It is important to understand why the first section looks at both the power of reciprocity and the power of Truth, because although these two concepts are often viewed as separate, in reality they expressions of one ideal. Reciprocity is the universal balance that is maintained; when we give, we get in return. Truth is the equilibrium of the universe, it is the pivot point on which reciprocity rests. Each one exists as an expression of the other and neither could exist without the other. Within the text this is expressed through lines such as “Let him exalt mercy, it exalth him” which teach us that the characteristics we embody will in turn be drawn to us and “It is through the truth of the ruler that milk-yields of great cattle are maintained.” Which shows us that is through the manifestation of Truth that reciprocity yields positive things for the king's subjects. On a smaller scale this can be found to hold true within the lives of each individual and each Druid; when we speak and live Truth our lives will reflect blessings and we will draw to us the things we embody.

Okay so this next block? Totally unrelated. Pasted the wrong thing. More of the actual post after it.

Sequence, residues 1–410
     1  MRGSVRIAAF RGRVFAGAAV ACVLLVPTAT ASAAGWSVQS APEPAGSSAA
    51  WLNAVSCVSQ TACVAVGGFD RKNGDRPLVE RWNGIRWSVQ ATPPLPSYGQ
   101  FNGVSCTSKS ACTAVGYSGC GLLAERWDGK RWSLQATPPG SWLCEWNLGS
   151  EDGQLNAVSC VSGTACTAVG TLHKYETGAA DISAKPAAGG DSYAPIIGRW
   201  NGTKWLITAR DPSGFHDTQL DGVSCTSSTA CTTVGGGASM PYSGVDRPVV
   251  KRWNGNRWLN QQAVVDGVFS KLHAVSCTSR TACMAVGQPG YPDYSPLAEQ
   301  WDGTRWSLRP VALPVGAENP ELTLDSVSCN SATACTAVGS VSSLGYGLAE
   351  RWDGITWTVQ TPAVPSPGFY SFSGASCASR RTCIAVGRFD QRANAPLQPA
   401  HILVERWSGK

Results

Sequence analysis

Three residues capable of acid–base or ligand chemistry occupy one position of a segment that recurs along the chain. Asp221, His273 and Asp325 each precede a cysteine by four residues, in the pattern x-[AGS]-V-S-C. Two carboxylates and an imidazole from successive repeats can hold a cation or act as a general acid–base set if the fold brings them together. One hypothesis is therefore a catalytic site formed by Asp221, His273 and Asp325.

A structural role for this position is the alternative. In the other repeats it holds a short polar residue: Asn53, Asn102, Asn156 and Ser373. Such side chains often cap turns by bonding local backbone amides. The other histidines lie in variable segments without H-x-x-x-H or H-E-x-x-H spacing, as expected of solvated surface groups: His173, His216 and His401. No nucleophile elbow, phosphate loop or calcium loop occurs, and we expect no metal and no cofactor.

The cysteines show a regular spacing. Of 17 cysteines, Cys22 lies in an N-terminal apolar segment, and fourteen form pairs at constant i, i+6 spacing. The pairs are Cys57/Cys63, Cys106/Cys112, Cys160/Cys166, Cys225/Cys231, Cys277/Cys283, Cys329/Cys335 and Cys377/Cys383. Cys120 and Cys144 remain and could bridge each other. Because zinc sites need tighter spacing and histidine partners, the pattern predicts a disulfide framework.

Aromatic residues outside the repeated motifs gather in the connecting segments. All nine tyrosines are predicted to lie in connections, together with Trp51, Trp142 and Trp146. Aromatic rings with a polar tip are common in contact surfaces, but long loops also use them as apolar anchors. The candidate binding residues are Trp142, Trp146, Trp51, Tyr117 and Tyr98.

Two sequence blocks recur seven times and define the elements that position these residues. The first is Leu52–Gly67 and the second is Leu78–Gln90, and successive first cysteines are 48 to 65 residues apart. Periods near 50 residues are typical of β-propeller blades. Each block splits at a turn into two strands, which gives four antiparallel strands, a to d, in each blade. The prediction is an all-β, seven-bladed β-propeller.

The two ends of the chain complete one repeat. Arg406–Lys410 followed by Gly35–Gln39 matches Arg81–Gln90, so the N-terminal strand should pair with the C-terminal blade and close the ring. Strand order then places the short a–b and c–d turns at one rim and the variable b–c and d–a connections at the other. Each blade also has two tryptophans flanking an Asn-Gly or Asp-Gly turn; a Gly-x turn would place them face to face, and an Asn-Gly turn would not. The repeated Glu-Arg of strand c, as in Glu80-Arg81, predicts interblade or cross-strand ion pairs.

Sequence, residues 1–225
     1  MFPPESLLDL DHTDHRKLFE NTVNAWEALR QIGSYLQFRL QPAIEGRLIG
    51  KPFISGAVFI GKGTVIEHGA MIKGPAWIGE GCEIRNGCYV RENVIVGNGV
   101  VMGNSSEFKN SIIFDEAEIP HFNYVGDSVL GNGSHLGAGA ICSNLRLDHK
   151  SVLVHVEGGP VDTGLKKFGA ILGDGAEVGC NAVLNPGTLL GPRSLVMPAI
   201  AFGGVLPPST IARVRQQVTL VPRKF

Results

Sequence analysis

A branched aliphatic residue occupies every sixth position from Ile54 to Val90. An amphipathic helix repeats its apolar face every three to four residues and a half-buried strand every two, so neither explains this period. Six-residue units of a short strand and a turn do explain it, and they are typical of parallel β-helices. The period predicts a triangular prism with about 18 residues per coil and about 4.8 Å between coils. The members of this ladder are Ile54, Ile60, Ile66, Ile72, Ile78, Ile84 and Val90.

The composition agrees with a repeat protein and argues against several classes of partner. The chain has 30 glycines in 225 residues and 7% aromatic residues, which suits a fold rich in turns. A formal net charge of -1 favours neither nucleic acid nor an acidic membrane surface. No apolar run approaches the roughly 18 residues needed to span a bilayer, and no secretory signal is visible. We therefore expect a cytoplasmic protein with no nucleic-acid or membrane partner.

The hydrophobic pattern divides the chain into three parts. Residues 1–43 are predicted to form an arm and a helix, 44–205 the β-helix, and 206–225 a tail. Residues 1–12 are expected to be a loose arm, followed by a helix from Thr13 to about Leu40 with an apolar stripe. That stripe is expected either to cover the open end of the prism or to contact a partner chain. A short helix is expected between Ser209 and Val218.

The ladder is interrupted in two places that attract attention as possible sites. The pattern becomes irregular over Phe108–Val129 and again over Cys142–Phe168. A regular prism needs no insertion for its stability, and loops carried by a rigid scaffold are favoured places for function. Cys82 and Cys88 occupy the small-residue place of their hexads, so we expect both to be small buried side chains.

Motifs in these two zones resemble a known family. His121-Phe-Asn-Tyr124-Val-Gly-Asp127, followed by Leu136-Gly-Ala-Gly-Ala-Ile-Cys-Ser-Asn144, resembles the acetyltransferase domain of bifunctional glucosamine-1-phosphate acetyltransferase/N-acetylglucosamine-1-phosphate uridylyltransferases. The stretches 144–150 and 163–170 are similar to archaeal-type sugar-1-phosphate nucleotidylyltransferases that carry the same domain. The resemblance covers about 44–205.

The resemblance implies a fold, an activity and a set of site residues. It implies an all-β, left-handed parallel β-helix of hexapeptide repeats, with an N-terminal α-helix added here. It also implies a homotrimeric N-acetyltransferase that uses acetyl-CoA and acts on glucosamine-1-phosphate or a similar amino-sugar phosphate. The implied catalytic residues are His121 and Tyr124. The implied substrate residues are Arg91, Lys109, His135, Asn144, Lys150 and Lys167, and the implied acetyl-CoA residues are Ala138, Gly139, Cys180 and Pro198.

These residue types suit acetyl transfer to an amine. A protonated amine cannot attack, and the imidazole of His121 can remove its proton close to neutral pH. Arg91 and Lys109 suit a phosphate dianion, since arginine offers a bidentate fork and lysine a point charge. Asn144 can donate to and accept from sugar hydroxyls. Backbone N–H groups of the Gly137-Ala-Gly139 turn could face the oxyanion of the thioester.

The second section focuses on the king’s judgment of all things within his kingdom. At first glance this may seem superfluous to many of us but in fact much wisdom is hidden in these lines, for the king is urged to judge all things by their own produce as we can see from lines like “Let him estimate the earth by its fruits”. This is good advice for anyone, because it urges us to judge anyone or anything only by the end product, surely a method to reach a fair and impartial judgment. If we seek to judge not through emotion nor based on the item or person themselves, but only on the result or product, then we will judge fairly and well.
     The final section is the most poetic of the piece, opening with the lines
     “Darkness yields to light
       Sorrow yields to joy
       An oaf yields to a sage
       A fool yields to a wise man
       A serf yeilds to a free man
       Inhospitality yields to hospitality”.